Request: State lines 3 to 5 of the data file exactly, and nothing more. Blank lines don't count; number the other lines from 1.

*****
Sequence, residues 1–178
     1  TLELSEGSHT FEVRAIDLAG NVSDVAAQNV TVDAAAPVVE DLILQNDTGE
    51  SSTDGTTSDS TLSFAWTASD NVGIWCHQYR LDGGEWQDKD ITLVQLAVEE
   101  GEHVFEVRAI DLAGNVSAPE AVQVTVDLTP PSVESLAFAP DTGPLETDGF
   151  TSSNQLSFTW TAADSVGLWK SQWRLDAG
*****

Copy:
    51  SSTDGTTSDS TLSFAWTASD NVGIWCHQYR LDGGEWQDKD ITLVQLAVEE
   101  GEHVFEVRAI DLAGNVSAPE AVQVTVDLTP PSVESLAFAP DTGPLETDGF
   151  TSSNQLSFTW TAADSVGLWK SQWRLDAG